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By the National Health Service, UK.


Sunday, November 24, 2013.


There's one thing members of the black Christian community don't do well: and that's sickness. If they experience unusual physical symptoms, notice growths on their bodies that shouldn't be there or experience pain they've never had before they are likely to either, ignore it, shrug it off as nothing or pray for it to go away, instead of doing what they should do: go to the doctor to get it checked out.


For many believers, when something seems wrong with their bodies, the easier option is often to pray about it in the belief that God - who they're taught is a miracle healer - will heal them rather than visit their doctor. And whilst there's no doubt that God is a healer - many Christians can testify to being healed through prayer - it's also a fact that God has given medical doctors the knowledge, insight and skill to diagnose illnesses and diseases and prescribe the necessary treatment.


It is unfortunate, but some people, including Christians, die before their time because they failed to take appropriate action and visit the doctor when they experienced a physical symptom of a serious illness. And the truth of the matter is, that often times that annoying symptom turns out to be nothing serious. However, it can be a sign of a serious illness, which, if caught and diagnosed in time, can be treated effectively.


Two such diseases are bladder and kidney cancer. The primary symptom of both cancers is visible blood in urine.  Other symptoms associated with bladder cancer include (i) needing to urinate very often or very suddenly and (ii) pain while urinating, whilst other symptoms of kidney cancer include (i) a pain below the ribs that doesn't go away (ii) a lump in your stomach.


The NHS Be Clear on Cancer campaign aims to raise awareness of the symptoms of both bladder and kidney cancer as well as inform people within the black Christian community, that early diagnosis and treatment of bladder and kidney cancers can save lives. Dr Jonathan Oloyede, pastor of City Chapel in Whitechapel, east London and Convenor of the National Day of Prayer has given his full support to the 'Be Clear on Cancer' campaign. "As a qualified doctor and church leader, I understand the power of both prayer and conventional medicine. I believe that Christians should always pray, but when they experience a symptom like blood in their urine, they should visit their doctor immediately so that the symptom can be assessed. And if is found that they have bladder or kidney cancer, the appropriate treatment can be started straight away in order to prolong their life."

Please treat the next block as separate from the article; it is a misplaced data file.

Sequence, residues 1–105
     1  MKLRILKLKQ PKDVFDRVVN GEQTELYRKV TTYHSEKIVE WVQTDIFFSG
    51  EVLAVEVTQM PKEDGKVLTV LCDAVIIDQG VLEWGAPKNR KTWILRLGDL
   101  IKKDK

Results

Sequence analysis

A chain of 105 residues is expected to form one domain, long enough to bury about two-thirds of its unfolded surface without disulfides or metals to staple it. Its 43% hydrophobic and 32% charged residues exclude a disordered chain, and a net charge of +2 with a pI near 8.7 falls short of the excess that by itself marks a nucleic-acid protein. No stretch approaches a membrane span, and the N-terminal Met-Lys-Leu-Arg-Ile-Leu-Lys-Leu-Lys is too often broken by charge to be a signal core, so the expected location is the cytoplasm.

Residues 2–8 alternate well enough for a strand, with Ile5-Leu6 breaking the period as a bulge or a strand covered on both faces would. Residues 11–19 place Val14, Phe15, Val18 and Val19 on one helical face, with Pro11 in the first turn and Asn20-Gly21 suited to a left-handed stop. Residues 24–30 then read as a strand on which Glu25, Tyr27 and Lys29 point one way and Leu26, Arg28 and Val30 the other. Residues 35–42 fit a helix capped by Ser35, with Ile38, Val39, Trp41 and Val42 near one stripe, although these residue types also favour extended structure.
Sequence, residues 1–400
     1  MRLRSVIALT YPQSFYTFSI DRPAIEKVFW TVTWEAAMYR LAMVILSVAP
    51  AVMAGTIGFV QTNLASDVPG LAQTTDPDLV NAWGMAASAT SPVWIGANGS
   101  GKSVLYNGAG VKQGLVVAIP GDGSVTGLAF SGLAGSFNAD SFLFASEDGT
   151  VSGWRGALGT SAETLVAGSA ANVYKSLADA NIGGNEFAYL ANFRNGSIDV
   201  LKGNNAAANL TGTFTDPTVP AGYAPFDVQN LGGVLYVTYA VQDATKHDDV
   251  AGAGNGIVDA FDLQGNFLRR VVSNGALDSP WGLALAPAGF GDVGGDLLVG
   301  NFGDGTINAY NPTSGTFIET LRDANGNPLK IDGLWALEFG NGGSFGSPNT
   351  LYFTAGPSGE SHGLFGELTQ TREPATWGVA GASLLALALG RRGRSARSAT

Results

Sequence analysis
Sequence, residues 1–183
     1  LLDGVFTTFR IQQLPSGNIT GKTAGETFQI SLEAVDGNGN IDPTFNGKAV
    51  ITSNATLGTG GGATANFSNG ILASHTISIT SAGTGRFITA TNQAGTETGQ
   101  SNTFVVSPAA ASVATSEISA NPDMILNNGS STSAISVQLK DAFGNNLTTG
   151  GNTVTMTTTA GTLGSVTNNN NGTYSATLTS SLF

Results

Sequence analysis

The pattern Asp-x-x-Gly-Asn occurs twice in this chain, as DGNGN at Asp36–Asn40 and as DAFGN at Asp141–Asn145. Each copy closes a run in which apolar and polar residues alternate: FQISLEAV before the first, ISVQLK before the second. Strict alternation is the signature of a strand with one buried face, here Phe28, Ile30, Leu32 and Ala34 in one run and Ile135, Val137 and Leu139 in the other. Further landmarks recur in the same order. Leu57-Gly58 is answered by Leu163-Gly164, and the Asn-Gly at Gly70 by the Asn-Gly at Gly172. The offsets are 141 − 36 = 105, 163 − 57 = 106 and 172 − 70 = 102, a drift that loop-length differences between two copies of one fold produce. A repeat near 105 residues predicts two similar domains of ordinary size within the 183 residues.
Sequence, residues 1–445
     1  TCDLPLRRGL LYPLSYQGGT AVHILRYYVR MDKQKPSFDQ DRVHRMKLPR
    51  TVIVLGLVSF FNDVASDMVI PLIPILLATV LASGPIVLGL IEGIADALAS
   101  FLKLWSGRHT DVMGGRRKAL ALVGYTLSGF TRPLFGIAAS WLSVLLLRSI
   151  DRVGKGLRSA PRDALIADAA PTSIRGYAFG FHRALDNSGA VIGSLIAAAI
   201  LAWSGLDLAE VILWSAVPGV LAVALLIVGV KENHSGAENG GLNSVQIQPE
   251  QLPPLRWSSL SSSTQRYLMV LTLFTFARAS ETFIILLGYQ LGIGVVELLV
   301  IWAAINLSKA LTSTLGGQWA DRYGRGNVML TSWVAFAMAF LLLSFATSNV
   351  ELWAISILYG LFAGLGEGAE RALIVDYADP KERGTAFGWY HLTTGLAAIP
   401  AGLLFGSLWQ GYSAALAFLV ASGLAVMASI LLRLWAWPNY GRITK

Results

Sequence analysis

Blood in urine is a key symptom in over 80% of bladder cancers and over half of kidney cancers, and whilst having the symptom doesn't mean that the individual has the disease it it makes sense to get it checked out. The chances are it's nothing serious, but these cancers are more treatable if they are found early.


One thing people who dislike visiting the doctor often do is self-diagnose. Doing so tends to be a hit and miss affair, and people get it wrong more often than they get it right. It's best to go to the doctor who can arrange assessments instead of hoping for the best. And if you tell a family member you've seen blood in your urine, and they advise you to visit the doctor, the best action you could take is follow their advice. It's given because they care.


The bible encourages Christians to see their bodies as holy, and a temple where the Holy Spirit can reside. It makes sense then for believers to not only take good care of their bodies by keeping fit and eating healthily, but also by visiting the doctor when they experience a symptom that could be a sign of a serious disease.


Dr Jonathan Oloyede shared, "Our bodies are the means through which we live out our lives and carry out God's purposes here on earth. It makes sense then, to look after our health and visit our doctors if something seems wrong.Medicine is a gift from God to support our wellbeing and therefore medical aid does not compromise our belief in divine healing."


"It's great that the NHS is encouraging England's black Christian community to look out for the symptoms of bladder and kidney cancer with their 'Be Clear on Cancer' campaign. It's my prayer that people will take note, and if they do notice blood in their urine, that they'll visit the doctor as well as pray, so that they can be diagnosed and treated quickly."


For more information on the signs and symptoms of bladder and kidney cancer please visit www.nhs.uk/bloodinpee



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